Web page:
·         Merton has been able to respond as needed with mutual aid.  Rest  ...  view the full minutes text for item 4.


Cabinet Member priorities

·         Councillor Draper, Cabinet Member for Community and Culture

·         Councillor Whelton, Cabinet Member for Regeneration, Environment and Housing


Cllr Draper, Cabinet Member for Community and Culture, presented his priorities for the year:

·         Greenspaces: introduction of public space protection orders (to regulate dogs and BBQs in public spaces), a focus on rubbish and getting residents to take this with them, getting the best from the new greenspaces contractor (Idverde) including their relationship with friends groups, and building on the Eastern Electric event to use Merton’s greenspaces to generate additional income;

·         Leisure: the completion of the leisure centre and working with contractors GLL to make the centre as profitable as possible;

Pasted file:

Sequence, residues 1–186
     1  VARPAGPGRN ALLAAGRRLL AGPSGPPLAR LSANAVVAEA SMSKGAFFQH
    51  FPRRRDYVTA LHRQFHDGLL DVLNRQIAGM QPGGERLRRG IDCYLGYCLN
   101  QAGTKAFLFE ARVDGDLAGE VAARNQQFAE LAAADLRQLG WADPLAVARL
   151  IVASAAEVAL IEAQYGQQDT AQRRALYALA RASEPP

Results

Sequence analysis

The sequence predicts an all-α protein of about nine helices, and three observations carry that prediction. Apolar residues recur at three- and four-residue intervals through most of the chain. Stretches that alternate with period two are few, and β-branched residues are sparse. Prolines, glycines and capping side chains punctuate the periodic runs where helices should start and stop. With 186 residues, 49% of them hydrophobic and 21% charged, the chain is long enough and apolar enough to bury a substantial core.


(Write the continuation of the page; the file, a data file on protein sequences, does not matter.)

·         Libraries: opening the new library at Colliers Wood, continuing to improve the use of the Wimbledon Library arts space and establishing another in Mitcham Library to maximise business and arts opportunities.  Noted Merton has the most cost efficient library service in London;

·         Merton Adult Education: aspiring to achieve an outstanding Ofsted rating.  The service will work with other colleges and aims to maximise the value of the apprenticeship levy to improve enrolments and increase income;

·         Regulated Services: finalise the expansion of the service to include Wandsworth and underpin this with a shared IT system.  The enlarged service can then be used to gain additional income; and

·         Heritage: use the Cannons and Chapter House projects to create a tourism industry in Merton as a way of providing additional income.


In response to member questions, the Cabinet Member clarified (with support from relevant officers):

·         Resource is limited to support bidding for the Mayor of London’s Borough of Culture.  However, this might be possible if done with local partners.  This will be explored;

·         The dog control strategy is well established but this is less the case for the use of BBQs in public spaces.  There is need for a public consultation; and